This is another way of saying she's been out of work. Others are not so tactful. They say she crashed and burned in her own high-living Eighties. That she doesn't have anything serious to say anymore. She's too demanding, too bitchy, too expensive. She is, they say, a controversialist who has had her day. But most of all they say that they haven't read her much lately.

All of that is about to change, as becomes clear the moment I speak to Julie Burchill herself. "But why are you writing about me, I haven't done anything!" she squeaks in her little girl voice. I mumble something about sell-by dates and Modern Review. "This is about my Renaissance, isn't it? Everyone's got to have a Renaissance and I'm having mine."

And how. The coming year will see no less than three books by Julie Burchill. There will be her autobiography (entitled I Knew I Was Right) and a novel called Married Alive (described by her publisher as Bridget Jones on a large dose of amphetamine). And there is also to be a book on Princess Diana. Why Diana? "Because I love her so much! It will be like Norman Mailer on Marilyn but much, much better." She may produce a fourth book, though she will probably be too busy. "But it does have the most pretentious title and I love it. It's called The Long Goodbye: The Slow Death of Female Desire in the 20th Century".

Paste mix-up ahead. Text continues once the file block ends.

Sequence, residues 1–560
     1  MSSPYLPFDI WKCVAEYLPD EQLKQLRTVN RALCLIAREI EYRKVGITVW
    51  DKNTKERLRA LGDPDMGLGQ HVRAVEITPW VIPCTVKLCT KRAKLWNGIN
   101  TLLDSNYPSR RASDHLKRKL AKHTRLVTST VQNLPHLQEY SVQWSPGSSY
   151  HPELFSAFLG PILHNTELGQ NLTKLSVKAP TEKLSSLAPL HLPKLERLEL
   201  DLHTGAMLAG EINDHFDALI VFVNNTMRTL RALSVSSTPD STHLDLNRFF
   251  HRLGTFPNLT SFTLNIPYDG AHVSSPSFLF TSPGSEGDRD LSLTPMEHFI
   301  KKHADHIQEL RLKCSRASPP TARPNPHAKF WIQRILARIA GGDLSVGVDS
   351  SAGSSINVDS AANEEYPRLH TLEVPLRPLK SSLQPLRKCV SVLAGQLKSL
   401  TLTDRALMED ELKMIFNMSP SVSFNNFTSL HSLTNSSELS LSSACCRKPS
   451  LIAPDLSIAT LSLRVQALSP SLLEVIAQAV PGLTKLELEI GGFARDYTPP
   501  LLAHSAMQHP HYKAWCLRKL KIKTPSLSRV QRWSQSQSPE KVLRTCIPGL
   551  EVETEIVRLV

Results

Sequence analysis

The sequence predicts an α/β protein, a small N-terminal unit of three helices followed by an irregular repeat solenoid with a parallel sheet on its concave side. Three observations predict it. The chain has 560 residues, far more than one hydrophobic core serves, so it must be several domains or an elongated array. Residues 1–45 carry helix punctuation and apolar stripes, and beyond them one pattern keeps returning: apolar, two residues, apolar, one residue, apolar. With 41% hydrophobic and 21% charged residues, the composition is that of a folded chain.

There is to be another newspaper column and, of course, a lot of perfumed thoughts in Modern Review, too. But it is the autobiography that is the big one. It is typical of her that she should be writing this at the ancient age of 37.

It will start with Bristol and her parents. Her father was a distillery worker and her mother made cardboard boxes but "found a way to make it operatic". There will be a lot of politics of the old-fashioned kind. "My dad was a proper Communist, a Soviet Communist, and was obsessed with the Vietnam war," she told the small literary magazine Printer's Devil in a rare in-depth interview last year. "We had a map on the wall with colour pins on it and all. The most beautiful moment of my life was when I was in bed and the VC took Saigon and my dad came up and woke me up and said `We won'." At this point she started to weep. (She still calls herself a Communist though most see her as a Stalinist Thatcherite. "No one read her for her politics!" exclaims Andrew Neil. Now she will be staunchly anti-Blair.)